Riku is very interesting too, as it is the opposite of Sora. Rather then trying to build high number combinations and have a lot of control of your deck, Riku has pre-set decks for every world and you are pushed to use a more limited but powerful set of chain attacks. In addition, you have no healing cards outside of Mickey, so you using Boss Cards (which carry over into every world) is vital for success.
His gameplay is so unique compared to Sora, that it’s so much fun playing the game as him. But the game is hard for both characters, more so if you don’t level up enough (which is mapped to three sections; Card Combinations, Health, Deck Points for Sora for example) and I’m not going to lie here, I remember having far more trouble with this game compared to the original Kingdom Hearts difficulty wise.
Overall, the gameplay here is very solid and very rewarding.
Revisiting Disney Worlds….with Special Cards
So, you are visiting the same worlds again….this going to be a common thing for the series honestly. But the way you explore each world is different compared to the original; instead of exploring a 3D world, you are on a top-down isometric perspective and when you hit a door, you have navigation cards which unlock different kinds of spots.
Healing rooms, treasure rooms, shop rooms and more. Even special rooms that require combinations or special cards to access them. This gives exploration a fun twist and the PS2 remake of Chain of Memories blends the platforming from the original KH’s with this system.
Overall, exploring the worlds is fun and the Disney stories is a bit different compared to the original KH’s. But we get two new worlds; Twilight Town & Castle Oblivion. Both are big hints toward KHII and were great nods to the future of the series.
Kingdom Hearts: Sprite Edition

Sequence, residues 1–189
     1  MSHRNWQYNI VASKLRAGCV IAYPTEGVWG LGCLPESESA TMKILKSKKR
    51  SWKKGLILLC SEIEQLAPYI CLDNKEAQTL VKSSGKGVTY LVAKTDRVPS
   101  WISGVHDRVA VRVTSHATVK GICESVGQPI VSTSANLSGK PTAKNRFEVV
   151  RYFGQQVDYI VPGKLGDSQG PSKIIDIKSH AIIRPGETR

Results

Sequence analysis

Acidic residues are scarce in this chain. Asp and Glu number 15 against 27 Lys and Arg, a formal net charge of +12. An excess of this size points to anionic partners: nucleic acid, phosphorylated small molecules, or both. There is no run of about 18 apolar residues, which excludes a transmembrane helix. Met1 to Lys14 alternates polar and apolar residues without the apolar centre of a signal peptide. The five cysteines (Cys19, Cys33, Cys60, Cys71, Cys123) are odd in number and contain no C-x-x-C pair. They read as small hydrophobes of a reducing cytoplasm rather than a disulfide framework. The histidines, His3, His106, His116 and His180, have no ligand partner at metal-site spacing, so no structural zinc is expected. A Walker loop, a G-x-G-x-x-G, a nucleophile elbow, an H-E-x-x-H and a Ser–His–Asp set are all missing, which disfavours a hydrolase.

The original version of Kingdom Hearts Chain of Memories is quite impressive honestly. The game has in-engine cut-scenes from the console games that pop up sometimes but the majority of the game’s story i told with sprites and they look great. Very expressive and full of the charm you expect from the KH’s series.
Every location looks like a great ‘What If?’ of the various Disney worlds were built in mind for the GBA instead of the PS2. I loved the look and art style of the game, but musically, its both enjoyable and a bit samey.
A lot of tracks from the original Kingdom Hearts got re-used for this game but this is the first time we hear them with 16-Bit composition. And, it sounds great. I really love the battle theme remixes for worlds like Traverse Town and the new world of Twilight Town. The emotional tracks still hit hard as well, so the game overall is a great package with its presentation.
Vising a New World, A New Hero in the Future……
Kingdom Hearts Chain of Memories is a game that many are mixed on, as some consider it a portable rehash of the original KH’s that was quickly made to tide the wait for KHII while others consider it to be a fun portable RPG on the GBA. I fall into the later camp, as this was my very first Kingdom Hearts title when I was growing up. I loved this game and this re-visit on the title had me respecting the game a lot more.
Taking the 3D mechanics from the console games and making the gameplay work on the GBA is very impressive and the game still looks like Kingdom Hearts. If you want a more 3D take on this game, play the Re: Chain of Memories version found in KH1.5 HD Remix but I highly recommend the GBA version too.
All music used in this article is owned under the copyright of Disney and Square Enix.